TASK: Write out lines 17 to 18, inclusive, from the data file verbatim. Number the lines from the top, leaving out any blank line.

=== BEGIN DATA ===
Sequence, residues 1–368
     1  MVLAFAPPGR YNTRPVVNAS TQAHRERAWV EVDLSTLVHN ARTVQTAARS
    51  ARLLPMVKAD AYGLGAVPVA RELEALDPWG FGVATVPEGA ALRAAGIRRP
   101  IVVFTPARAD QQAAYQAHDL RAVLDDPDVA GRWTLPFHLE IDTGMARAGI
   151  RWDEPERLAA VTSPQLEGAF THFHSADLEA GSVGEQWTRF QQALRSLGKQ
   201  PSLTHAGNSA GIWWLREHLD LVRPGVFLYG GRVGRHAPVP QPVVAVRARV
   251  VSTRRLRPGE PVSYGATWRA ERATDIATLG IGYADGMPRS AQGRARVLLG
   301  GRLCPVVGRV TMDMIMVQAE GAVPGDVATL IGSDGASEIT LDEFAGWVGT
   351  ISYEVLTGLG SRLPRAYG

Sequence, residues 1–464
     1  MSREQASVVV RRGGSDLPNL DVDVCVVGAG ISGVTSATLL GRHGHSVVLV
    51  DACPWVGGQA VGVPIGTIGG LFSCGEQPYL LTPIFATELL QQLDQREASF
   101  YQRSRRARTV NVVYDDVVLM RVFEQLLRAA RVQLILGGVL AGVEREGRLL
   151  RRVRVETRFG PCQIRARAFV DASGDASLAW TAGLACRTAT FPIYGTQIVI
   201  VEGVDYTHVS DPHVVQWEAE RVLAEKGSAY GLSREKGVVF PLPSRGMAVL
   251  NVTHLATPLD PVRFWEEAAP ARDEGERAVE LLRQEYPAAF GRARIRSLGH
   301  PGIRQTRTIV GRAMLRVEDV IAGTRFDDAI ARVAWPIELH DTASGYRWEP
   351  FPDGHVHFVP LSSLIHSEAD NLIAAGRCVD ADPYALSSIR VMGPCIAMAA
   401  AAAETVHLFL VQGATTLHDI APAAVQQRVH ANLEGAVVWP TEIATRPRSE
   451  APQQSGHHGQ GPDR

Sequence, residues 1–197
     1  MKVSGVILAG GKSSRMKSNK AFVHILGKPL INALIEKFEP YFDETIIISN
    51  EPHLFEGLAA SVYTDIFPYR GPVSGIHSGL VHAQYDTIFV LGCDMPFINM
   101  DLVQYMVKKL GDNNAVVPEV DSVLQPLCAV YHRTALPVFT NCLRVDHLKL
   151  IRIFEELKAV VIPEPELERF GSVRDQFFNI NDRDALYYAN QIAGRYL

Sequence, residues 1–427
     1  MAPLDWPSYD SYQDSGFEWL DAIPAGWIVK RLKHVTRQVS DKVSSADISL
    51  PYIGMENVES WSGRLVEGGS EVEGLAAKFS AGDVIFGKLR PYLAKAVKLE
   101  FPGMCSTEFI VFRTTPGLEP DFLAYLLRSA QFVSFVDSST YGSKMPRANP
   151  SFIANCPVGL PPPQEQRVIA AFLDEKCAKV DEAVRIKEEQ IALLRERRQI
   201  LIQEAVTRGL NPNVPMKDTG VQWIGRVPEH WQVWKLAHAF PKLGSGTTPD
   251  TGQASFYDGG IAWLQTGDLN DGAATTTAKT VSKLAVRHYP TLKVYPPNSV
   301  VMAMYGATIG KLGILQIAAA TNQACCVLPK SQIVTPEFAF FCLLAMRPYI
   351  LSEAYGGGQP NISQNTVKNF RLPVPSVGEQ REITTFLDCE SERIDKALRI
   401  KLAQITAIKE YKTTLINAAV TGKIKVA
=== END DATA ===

   301  PGIRQTRTIV GRAMLRVEDV IAGTRFDDAI ARVAWPIELH DTASGYRWEP
   351  FPDGHVHFVP LSSLIHSEAD NLIAAGRCVD ADPYALSSIR VMGPCIAMAA